In Women Writers of the Beat Era: Autobiography and Intertextuality, Mary Paniccia Carden argues that although the most famous writers of the Beat Generation rejected traditional values, they very much embraced the sexism that pervaded the wider culture. Her thesis is that women did in fact contribute greatly to the Beat movement (which she says is not a generation) but were marginalized and then later forgotten. In her new book, she seeks to address that, shining a light on several important women and their work. Continue Reading…
Archives For women
The moves of Beat women to reclaim bodily freedom and space through performative poetry
‘The woman’s body is the terrain on which patriarchy is erected.’ (Rich, Of 55)
In 1950s post-war America, women’s opportunities were largely confined to the domestic realm. Western society was ‘a culture of containment, with women and black people its objects’ (Breines 10). Omnipotent sexism ensured that ‘all women – shall remain under male control’ (Rich, Of 13), and ‘in the most fundamental and bewildering of contradictions’ society has ultimately alienated women from their bodies by ‘incarcerating us in them’ (13). Women’s bodies are misunderstood and repressed in patriarchal society, but the Beat women fought against these misconceptions through choosing to live outside of society’s ideals and exploring pre-patriarchal femininity in their poetry. In exploring the ‘authentic’ self, they could re-establish new modes of being female outside of cultural rules. They negotiated the body and the spirit in Diane di Prima’s sense of materialising the spirit so that it ‘fills everything’ (Calonne 44). In this way, the personal becomes political as their self is embodied and extended to public space through their performance of poetry. Although not all Beat women were able to publicise their poetry as the more well known Beats Anne Waldman and di Prima were, it is important to examine how they re-imagined their bodily potential and their given space through a creation of a female-identified poetic voice. For, ‘the only war that matters is the war against the imagination / All other wars are subsumed in it’ (di Prima, ‘Revolutionary…’, 34-35). Continue Reading…
“A Fleeting Moment in a Floating World”: The Women of the Beat Generation Through Allen Ginsberg’s Eyes
“The whole Beat scene had very little to do with the participation of women as artists themselves.
The real communication was going on between the men,
and the women were there as onlookers…
You kept you mouth shut,
and if you were intelligent and interested in
things you might pick up what you could.
It was a very masculine aesthetic.”
Inception: Recognizing Absence
“The poignancy of the photograph comes from looking back to a fleeting moment in a floating world.” Upon Allen Ginsberg’s reflection on nearly a lifetime of capturing photographs, his remark seems most fitting when considering those less visible, but equally significant writers of the Beat Generation. Gazing through Ginsberg’s lens of cultural history exposes complex narratives, both fleeting and lasting, of nonconformity, rebellion, and artistic spirit. Though it also reveals a powerful void; an absence of silence and omission. At a time when women’s independence was either limited or non-existent, such spaces enveloped female artists striving for personal freedom amid male dominated society. The women of the Beat Generation were active counterparts within this subculture, yet their lack of visual representation exposes a fissure in Ginsberg’s photography. Continue Reading…
The 1940s and 50s were difficult years to be non-conformist, and that was doubly true if you were a woman. The writers of the Beat Generation, as well as their friends and families, who lived bohemian lifestyles in a buttoned-up era, found that their very existence could be dangerous in those days. Whether they were driven to genuine mental illness by the shackles of a repressive society or deemed unfit for society because of their individualist life choices, many of those who fell under the Beat label ended up in the “nuthouse.” For some of them it was just a temporary stay that gave them inspiration for their art, but for others it was a deeply traumatic experience that irrevocably damaged their life. Continue Reading…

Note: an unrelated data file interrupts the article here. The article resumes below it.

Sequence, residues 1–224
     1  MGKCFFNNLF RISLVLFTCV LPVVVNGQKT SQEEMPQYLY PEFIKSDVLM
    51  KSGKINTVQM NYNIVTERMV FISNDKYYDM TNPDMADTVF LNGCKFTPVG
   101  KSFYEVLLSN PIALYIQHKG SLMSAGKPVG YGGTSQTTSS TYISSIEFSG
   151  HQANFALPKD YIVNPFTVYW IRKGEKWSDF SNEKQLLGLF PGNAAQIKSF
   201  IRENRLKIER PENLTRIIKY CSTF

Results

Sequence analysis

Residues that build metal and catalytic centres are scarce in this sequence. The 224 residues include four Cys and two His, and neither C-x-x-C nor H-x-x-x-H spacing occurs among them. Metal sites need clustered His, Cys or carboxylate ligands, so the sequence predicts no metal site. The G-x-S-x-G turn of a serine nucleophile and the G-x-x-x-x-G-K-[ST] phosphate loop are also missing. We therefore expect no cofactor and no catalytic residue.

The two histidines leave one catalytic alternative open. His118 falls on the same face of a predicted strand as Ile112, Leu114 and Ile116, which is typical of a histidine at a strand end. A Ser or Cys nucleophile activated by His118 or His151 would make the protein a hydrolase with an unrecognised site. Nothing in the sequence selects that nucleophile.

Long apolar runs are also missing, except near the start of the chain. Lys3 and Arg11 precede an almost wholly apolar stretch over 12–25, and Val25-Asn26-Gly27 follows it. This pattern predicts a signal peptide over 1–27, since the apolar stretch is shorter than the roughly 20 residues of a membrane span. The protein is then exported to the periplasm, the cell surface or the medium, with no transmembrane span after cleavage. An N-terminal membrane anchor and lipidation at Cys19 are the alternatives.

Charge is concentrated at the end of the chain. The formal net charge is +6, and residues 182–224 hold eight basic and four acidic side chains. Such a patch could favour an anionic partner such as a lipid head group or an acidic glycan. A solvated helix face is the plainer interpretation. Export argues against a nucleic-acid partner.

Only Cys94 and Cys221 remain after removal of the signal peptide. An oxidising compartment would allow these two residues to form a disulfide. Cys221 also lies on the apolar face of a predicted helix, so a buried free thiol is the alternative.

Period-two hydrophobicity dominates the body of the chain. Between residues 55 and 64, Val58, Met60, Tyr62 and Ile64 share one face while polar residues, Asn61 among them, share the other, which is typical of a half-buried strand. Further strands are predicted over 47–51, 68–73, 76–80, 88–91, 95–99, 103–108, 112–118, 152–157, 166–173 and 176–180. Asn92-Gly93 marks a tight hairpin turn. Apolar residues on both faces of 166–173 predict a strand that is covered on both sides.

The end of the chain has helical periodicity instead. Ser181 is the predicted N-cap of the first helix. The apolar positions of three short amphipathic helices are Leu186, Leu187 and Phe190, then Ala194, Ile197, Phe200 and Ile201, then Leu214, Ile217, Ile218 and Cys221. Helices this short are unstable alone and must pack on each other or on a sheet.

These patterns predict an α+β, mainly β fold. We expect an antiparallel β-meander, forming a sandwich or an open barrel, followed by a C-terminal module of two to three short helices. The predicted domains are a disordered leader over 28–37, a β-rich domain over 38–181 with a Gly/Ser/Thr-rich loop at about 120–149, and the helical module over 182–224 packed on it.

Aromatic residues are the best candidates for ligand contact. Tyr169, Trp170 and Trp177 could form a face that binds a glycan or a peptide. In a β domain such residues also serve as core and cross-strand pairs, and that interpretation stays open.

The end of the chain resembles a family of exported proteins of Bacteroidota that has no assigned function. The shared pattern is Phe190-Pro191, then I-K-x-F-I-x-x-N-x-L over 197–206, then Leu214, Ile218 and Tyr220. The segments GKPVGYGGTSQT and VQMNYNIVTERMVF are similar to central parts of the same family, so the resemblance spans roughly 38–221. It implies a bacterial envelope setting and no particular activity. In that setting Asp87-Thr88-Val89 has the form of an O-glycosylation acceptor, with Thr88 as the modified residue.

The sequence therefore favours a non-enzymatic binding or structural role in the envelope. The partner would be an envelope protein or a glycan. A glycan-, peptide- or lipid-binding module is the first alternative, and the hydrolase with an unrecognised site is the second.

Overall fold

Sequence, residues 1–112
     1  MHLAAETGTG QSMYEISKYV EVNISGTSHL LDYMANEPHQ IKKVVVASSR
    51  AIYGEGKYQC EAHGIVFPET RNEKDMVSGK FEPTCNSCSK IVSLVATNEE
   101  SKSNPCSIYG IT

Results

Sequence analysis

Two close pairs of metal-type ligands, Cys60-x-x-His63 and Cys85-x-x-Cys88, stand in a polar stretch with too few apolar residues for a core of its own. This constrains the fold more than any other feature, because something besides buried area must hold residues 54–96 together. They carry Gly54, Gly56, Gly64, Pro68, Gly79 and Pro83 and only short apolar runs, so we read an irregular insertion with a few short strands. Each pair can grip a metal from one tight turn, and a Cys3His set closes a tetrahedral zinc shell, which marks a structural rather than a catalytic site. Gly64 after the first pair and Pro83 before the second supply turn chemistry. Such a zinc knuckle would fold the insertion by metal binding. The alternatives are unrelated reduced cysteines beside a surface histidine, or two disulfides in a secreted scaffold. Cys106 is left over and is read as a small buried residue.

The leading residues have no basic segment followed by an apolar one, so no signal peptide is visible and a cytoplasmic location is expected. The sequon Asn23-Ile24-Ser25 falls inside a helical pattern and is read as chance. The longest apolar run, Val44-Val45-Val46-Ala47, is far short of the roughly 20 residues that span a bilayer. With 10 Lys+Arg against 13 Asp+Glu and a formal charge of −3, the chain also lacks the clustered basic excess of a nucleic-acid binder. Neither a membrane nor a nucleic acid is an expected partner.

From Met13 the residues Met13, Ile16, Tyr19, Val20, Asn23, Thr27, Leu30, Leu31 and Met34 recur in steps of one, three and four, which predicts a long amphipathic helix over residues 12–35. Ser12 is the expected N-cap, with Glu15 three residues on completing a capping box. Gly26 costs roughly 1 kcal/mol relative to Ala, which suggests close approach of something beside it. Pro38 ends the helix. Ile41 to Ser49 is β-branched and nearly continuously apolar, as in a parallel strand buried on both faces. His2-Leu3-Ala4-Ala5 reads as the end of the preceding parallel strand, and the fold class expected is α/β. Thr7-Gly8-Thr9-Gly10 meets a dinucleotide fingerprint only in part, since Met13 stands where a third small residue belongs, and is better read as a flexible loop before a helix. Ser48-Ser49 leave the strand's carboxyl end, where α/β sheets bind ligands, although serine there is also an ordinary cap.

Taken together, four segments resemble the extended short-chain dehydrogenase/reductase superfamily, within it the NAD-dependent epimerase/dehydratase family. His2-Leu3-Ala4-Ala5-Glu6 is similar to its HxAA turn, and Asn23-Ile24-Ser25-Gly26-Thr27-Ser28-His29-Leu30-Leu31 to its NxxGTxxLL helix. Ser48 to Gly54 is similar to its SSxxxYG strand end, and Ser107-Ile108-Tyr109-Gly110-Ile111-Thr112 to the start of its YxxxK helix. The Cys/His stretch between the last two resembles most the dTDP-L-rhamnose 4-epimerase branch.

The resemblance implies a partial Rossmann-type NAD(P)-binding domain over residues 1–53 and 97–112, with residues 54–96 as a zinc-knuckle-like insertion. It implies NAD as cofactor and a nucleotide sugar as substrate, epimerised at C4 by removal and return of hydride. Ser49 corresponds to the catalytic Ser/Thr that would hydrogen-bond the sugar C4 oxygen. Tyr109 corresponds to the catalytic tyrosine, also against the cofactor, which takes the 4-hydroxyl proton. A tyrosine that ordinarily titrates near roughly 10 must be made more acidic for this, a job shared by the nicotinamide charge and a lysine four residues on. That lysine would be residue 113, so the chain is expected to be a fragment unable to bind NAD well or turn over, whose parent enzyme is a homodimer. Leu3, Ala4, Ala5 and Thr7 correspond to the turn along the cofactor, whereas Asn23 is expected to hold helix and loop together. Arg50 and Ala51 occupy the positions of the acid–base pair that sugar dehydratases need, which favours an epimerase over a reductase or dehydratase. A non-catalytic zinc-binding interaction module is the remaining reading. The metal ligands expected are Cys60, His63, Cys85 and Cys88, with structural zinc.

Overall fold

This essay originally appeared in Beatdom #17:
“We are in the middle of a bloody, heartrending revolution / Called America, called the Protestant reformation, called Western man, / Called individual consciousness”
—Diane Di Prima “Rant, from a Cool Place”
The Beat Generation sought revolution on a number of levels: social, personal, political, and artistic. Periodically, a literary group, a counterculture, emerges that exists in stark contrast to the prevailing culture of its time. The Beats are a relatively recent manifestation of a recurring historical tendency including the Romantics and Transcendentalists rather than a discrete movement of singular occurrence. Since a comprehensive examination of the entire Beat movement within the context of revolution is difficult in a format of limited length, using a single author to illustrate the larger whole seems most appropriate. Additionally, focusing on a woman to discuss the entirety of the Beat movement is, while not quite revolutionary, decidedly different, possibly even subversive. As a Beat, a woman, and an artist, Diane di Prima considers revolution in all of its various manifestations and possibilities. Continue Reading…
The Beat Generation, though small in numbers, had a profound effect on the American literary tradition. Coming into existence just after World War II, Beat writers sought to examine post-war capitalism and materialism, coupled with hints of Cold War anxiety. These writers were reacting to many of the high modernists, such as T.S. Eliot and Ezra Pound, attempting to reclaim literature from academics that often sounded pretentious, detached, and largely inaccessible; the works of Beat authors tend to be closer to confessional, intimate, and, in general, more in touch with the self. Due to the nature of their surrounding social circumstances, many of the Beat authors tended to have similar themes in their works: drug use, restlessness, sexual freedom, and, ultimately, a rebellion against social norms; however, these characteristics do not make a generation—Beat implies time and place as well, largely New York City and San Francisco in the 1950s. Though the “big” Beat authors are male—Jack Kerouac, William Burroughs, Allen Ginsberg, Gregory Corso, and Lawrence Ferlinghetti—several female writers also existed in the Beat movement, including Diane di Prima and Joyce Johnson. In Johnson’s memoir Minor Characters, as well as di Prima’s collection of poetry, Pieces of a Song, and her memoir, Recollections of my Life as a Woman, Beat themes and locations are prevalent, similar to any of the other canonical Beat writers; therefore, di Prima and Johnson should be understood as Beat writers, offering female voices to a male-dominated movement. Continue Reading…